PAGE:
The Ellie Block and Family Career Services Center at the Friedman School is committed to helping our students and graduates leverage their outstanding experiential education to find impactful and fulfilling careers. Our career coaches leverage their many years of experience, career development training and practice, and industry and employer insights, to assist students and alumni.
The Friedman School pursues cutting-edge research and education from cell to society, including in molecular nutrition, human metabolism, population studies, clinical trials, nutrition interventions and behavior change, communication, food systems and sustainability, global food insecurity, humanitarian crises, and food economics and policy.
Tammy Scott is a research and clinical neuropsychologist with expertise in cognitive and psychological assessment, behavioral psychology, and neuroimaging. She is a Research Assistant Professor at the Friedman School and an Assistant Professor at Tufts University School of Medicine/Tufts Medical Center Department of Psychiatry. Dr. Scott’s research is focused on the impact of nutrition and life-style behaviors on aging and cognition, mood and quality of life. She is the neurocognition expert for multiple NIH- and foundation-funded clinical trials and observational studies, and is a lead investigator for the Nutrition and Memory in the Elderly study and the Boston Puerto Rican Health Study, one of ten Centers for Population Health and Health Disparities (CPHHD) funded by the NIH. Dr. Scott served for fifteen years on the Tufts Health Sciences Campus Institutional Review Board. She is a member of the Editorial Advisory Board for the Tufts Health and Nutrition Letter, faculty editor of the Tufts Heart-Brain Diet special report, and is an Associate Editor for the Nutritional Neuroscience journal.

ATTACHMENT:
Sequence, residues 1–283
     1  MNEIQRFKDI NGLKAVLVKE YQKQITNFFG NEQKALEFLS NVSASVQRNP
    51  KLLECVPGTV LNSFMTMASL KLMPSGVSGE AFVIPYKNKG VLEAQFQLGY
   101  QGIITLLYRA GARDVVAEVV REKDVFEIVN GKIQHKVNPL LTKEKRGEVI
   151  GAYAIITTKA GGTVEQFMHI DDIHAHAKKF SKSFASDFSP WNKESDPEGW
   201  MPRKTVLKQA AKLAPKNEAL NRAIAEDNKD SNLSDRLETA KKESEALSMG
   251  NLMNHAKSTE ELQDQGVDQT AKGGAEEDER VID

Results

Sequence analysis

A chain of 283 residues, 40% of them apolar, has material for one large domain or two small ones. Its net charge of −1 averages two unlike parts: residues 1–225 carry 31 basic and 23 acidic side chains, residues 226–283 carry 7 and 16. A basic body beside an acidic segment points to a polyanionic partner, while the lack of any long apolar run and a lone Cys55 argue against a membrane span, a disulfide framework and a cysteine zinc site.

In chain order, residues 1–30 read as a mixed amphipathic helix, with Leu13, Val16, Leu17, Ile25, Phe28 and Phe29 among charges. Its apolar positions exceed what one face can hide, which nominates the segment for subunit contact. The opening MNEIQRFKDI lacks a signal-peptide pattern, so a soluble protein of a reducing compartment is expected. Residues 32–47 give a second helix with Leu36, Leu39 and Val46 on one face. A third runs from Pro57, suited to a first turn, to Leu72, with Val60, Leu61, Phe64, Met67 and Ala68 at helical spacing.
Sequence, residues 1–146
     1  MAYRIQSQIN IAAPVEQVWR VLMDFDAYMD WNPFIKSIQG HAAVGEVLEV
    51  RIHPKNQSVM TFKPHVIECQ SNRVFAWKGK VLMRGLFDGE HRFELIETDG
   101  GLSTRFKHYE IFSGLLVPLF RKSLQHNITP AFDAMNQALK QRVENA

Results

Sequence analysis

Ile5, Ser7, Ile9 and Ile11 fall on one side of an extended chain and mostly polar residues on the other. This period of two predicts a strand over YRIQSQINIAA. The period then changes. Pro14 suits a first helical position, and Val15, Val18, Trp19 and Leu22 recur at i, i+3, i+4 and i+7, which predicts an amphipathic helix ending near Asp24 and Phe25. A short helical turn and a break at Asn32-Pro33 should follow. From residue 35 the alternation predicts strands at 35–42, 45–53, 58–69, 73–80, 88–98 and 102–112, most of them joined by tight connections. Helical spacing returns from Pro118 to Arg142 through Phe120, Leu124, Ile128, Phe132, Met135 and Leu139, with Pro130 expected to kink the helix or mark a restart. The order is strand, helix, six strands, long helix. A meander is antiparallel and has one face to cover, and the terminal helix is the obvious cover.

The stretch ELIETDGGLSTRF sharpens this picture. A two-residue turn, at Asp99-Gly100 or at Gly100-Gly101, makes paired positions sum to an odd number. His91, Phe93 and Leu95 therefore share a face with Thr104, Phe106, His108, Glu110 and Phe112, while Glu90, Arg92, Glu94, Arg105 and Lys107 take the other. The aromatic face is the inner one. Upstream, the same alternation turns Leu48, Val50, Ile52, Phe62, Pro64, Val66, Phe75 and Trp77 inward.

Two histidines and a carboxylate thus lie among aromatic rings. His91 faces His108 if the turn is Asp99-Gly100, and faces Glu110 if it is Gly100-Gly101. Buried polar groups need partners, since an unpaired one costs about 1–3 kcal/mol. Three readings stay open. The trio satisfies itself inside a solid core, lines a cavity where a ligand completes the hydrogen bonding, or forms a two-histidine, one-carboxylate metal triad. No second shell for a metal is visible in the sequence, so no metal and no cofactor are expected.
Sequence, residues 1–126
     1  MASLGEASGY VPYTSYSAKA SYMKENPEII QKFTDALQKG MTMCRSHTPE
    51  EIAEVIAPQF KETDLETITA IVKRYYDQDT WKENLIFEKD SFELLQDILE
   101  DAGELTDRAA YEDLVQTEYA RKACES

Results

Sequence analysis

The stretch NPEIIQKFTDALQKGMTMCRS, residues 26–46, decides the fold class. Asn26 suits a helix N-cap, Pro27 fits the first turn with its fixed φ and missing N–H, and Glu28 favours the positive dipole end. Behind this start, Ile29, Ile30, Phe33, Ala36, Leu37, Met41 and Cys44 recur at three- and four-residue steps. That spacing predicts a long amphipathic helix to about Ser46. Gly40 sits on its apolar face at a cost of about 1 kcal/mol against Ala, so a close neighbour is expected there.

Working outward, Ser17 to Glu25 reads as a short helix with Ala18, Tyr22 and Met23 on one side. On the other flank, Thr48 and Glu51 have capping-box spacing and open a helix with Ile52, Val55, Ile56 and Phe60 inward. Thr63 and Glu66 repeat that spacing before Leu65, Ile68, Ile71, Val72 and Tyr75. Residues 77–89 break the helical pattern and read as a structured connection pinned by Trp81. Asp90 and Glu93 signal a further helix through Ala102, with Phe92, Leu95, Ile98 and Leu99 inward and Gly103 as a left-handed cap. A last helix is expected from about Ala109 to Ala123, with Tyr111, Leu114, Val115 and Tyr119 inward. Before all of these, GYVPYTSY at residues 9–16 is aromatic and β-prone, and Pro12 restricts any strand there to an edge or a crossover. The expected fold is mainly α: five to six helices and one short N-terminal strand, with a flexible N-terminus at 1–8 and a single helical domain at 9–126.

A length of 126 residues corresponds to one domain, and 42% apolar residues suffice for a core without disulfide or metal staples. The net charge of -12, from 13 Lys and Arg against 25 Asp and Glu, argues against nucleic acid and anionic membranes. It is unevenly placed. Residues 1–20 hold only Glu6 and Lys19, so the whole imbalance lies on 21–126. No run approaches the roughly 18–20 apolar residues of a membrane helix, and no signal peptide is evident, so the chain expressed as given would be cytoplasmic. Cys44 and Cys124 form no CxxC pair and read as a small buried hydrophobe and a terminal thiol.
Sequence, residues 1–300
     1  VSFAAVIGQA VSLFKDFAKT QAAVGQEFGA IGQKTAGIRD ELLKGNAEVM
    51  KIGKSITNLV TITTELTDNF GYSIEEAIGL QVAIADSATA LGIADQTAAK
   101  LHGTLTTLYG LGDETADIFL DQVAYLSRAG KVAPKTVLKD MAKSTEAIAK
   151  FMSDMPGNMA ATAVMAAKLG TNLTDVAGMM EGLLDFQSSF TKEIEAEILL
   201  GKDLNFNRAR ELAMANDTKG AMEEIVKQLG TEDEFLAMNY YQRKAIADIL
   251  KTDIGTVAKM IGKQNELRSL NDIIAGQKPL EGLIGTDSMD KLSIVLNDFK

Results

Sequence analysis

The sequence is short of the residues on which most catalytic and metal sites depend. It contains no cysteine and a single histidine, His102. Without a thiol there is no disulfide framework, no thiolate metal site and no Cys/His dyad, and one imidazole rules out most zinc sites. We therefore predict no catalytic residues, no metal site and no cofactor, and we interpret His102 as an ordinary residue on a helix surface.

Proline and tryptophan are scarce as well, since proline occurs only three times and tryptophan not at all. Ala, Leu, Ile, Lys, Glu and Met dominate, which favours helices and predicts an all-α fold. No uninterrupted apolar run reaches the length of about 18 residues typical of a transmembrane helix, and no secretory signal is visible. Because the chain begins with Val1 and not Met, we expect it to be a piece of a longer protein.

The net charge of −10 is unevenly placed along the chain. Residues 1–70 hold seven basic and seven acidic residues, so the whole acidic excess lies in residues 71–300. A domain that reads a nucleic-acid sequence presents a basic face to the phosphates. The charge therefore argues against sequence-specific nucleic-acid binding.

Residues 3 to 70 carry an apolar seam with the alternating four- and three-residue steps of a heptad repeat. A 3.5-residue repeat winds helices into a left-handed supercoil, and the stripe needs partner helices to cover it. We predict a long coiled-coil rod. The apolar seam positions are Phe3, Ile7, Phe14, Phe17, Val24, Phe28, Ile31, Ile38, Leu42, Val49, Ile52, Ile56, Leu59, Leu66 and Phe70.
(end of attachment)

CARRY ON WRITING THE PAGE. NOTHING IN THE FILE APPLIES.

Clinical Residency, Rush University Medical Center, Chicago, IL
PhD, MPhil, MS, Yale University, New Haven, CT
BA, Rutgers College, Rutgers University, New Brunswick, NJ
The impact of nutrition and lifestyle behaviors on cognitive aging, cerebrovascular disease, and dementia.